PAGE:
FLYNN RESULTS TOO CLOSE TO CALL
Zac Beers: What it says to me is that people are dissatisfied with Ken.
FIVE days after the Federal Election, the seat of Flynn still hangs in the balance and the result could decide who runs the country.
With a hung parliament looking more and more likely, the party that takes Flynn is one step closer to the 76 seats needed to win government in its own right.
As I write this, Labor’s Zac Beers is estimated to be leading incumbent LNP MP Ken O’Dowd by about 1800 votes or 2.5%.
“What it says to me is that we ran a really good campaign and people are dissatisfied with Ken,” Mr Beers said.
“Across the electorate there was a lot of disappointment with the level of activity with the incumbent member. Whether or not that’s enough to get us over the line we will see what happens.”
There are still almost 10,000 postal votes to be counted, and if 63% of those votes go to Mr O’Dowd, he will be able to retain the seat.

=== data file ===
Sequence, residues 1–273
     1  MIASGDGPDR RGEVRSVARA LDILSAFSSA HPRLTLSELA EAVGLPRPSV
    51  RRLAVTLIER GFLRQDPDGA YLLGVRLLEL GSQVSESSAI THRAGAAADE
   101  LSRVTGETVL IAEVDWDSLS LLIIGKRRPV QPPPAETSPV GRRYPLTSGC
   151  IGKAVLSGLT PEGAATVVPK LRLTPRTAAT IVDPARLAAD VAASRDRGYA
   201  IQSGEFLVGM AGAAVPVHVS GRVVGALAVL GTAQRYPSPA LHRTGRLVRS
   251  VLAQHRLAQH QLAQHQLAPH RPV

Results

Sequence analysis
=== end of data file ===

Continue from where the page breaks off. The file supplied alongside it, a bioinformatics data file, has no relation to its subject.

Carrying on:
Out of the first 800 votes counted, 65.27% of votes have gone to Mr O’Dowd.
If he falls short, a seat that was once considered a safe Nationals seat will fall into Labor hands for the second time in a decade.
“Historically the numbers haven’t fallen our way with the postals, so it’s going to be a close race,” Mr Beers said.
Mr Beers said there were a lot of workers from Gladstone who had moved interstate who could still be voting in Flynn.
“There are a lot of workers (who are traditional Labor voters), from Gladstone that are now in Darwin and Western Australia,” he said.
“I have no clue how or if they voted but they could change the composition of the vote.”
A spokesperson for Mr O’Dowd said he will not comment until the result becomes clearer.
In first preferences, Labor is leading with 24,532 votes, followed by the LNP with 24,045 votes.
Figures correct 4 pm Wednesday.
IN FRONT: Labor candidate for Flynn Zac Beers was in the lead by about 1800 votes as we went to press.